Here above, then are a few points which have helped me keep the scamming sharks from consuming my hard-earned money and time. Perhaps some of you fellow readers have tips you would like to share in our comments section. We would most welcome you to share your wisdom or experiences.

© Lee-Anne Marie Kling 2023

Feature Photo: Laughing clowns ©

The Perils of Vanity Publishing

A Cautionary Tale

We have just discovered that a writer friend of ours has been taken in by a couple of publishers.  She has lost a lot of money (nearly $30,000), is confused upset and angry.  All she’s got out of it is one single copy of the book she was so proud of.

“She must be pretty thick” I hear you saying.

Not so.  Not at all.  She’s vibrant, intelligent, educated; a businesswoman all her working life and still, in her retirement, involved in theatre.  But she’s been conned by experts.  It could happen to any of us which is why we feel it is important to fill you in.

Let me tell you how it happened.

Long ago writing became an interest for her but only as a sideline, an enjoyable hobby.  For a long time she operated on a “lone wolf” basis but a few years ago she joined our writing group.  Occasionally she referred to a book she had written and the publisher she was dealing with.  We never took her up on any of the details; our group concentrates on works in progress and critiquing each other’s efforts.  That book of hers was done and dusted – on to the next level so beyond our current concerns.

However, a couple of days ago she made another comment and was obviously unhappy about things.  We’d finished our readings and given our feedback early so this time took her up on it: who was the publisher, what was going on…  And, eventually, how on earth did this happen?

Very easily as it turned out.

Publishing was a totally foreign field to her so she did what most of us do these days – she went on the internet.  Not very long after her internet search she began getting phone calls.  There were people in the USA who were interested in her work; keen to look at it; keen to publish!!

She was thrilled, sent her stuff to them – it was a children’s story illustrated with her own delightful artwork.  They rang and talked terms, explained the “situation” and were enthusiastic about possibilities.  The world opened up; she was thrilled, excited.

But she was an innocent abroad, abroad in a world of which she knew nothing; nothing at all.  She sent them money as requested (Pay Pal is a wonderful innovation when dealing with those who are far away!) and waited expectantly.  There were phone calls relating progress.  She paid more money.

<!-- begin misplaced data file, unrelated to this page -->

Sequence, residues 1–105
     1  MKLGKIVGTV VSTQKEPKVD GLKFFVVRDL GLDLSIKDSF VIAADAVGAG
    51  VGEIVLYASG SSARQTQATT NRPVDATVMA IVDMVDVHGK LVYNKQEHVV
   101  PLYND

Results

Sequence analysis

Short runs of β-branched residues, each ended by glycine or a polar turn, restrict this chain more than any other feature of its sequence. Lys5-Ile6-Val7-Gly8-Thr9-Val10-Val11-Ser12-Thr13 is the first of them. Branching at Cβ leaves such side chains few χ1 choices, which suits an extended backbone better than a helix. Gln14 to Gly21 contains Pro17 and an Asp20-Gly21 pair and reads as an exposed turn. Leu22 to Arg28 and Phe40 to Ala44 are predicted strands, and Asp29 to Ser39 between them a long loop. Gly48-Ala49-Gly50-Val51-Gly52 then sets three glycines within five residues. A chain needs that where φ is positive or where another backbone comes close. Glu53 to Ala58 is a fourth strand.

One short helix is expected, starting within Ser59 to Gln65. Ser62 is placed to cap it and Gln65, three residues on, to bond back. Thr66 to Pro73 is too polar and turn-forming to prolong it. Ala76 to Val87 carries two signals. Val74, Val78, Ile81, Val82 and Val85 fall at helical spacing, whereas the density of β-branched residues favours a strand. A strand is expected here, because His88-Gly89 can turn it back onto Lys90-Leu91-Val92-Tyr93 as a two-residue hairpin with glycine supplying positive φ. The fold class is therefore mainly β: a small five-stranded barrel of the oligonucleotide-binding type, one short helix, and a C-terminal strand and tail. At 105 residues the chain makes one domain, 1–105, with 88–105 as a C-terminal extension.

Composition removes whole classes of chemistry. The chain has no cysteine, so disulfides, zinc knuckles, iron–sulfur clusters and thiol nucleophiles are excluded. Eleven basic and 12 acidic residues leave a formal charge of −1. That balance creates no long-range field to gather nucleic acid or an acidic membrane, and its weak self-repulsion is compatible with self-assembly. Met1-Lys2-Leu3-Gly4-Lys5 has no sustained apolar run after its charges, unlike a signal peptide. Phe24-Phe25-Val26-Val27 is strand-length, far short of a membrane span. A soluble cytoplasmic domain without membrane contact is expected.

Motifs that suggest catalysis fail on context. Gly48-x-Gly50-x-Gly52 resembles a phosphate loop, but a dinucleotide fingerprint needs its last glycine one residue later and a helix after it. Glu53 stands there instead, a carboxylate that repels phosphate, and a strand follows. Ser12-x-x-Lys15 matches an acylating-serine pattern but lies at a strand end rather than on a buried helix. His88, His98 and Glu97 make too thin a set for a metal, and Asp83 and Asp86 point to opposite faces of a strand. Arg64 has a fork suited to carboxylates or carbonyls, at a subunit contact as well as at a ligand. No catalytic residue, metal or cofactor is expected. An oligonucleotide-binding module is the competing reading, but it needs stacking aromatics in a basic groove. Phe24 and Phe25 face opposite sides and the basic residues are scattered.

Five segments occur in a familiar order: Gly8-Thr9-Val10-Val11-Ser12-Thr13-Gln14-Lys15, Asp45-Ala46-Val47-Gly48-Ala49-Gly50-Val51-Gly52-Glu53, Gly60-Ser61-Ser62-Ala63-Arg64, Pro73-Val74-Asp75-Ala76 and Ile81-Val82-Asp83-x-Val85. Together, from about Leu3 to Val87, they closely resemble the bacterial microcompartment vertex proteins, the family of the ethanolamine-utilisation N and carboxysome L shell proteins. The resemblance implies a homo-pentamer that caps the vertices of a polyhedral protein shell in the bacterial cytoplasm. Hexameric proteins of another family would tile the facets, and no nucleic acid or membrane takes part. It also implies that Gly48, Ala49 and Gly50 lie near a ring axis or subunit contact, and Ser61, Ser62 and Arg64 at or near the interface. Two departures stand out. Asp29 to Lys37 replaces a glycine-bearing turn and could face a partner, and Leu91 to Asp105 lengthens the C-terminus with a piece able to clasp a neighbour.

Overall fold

Things dragged on.  The months became years.  She began to have concerns; to worry.  But reassuring phone calls, explanations, progress reports allied her fears.  She received a single copy of her book.

She was told it was in bookshops in the UK; bookshops that were part of a large chain with stores all over the country and that it was selling well.  But she was getting paid only a few cents very occasionally.  She wondered and began to worry again.

With friends and family in the UK, she asked them to go to a few of these bookshops and check them out.  No sign of any copies of her book anywhere.  Then she somehow found out that Amazon was supposed to be involved – she’d had no contact with Amazon; none at all.

At no time throughout this saga had she been offered a contract; at no time had she been asked to sign anything.  All she’d ever had was phone contact.  So she asked for them to communicate with her in writing.  Despite repeated requests, they never have.

She realised there was something seriously wrong; that she had been conned.  She was hugely embarrassed and loath to admit to what she saw as her own stupidity.  We keep telling her that action coming from lack of knowledge can never be classified as stupidity.  She’s finding that hard to accept though and still feels dreadful about the whole thing.

Sadly, there are many out there operating this way; skilled in taking advantage of the uninformed; the unwary; those of us with dreams.  In the world of publishing they are labelled “Vanity Publishers”.  It is doubtful if what they do is illegal – they’d be very sure it wasn’t!!  But it is certainly immoral.  All they will ever do is flatter you; con you; extort money from you.  In short, use you then spit you out,

So, “caveat emptor” – Buyer Beware.

© Mary McDee 2023

Feature Photo: Vanity Scarecrow © L.M. Kling 2017

Further note: If you or someone you know have had a similar experience, we would love you to share your story in our comment section.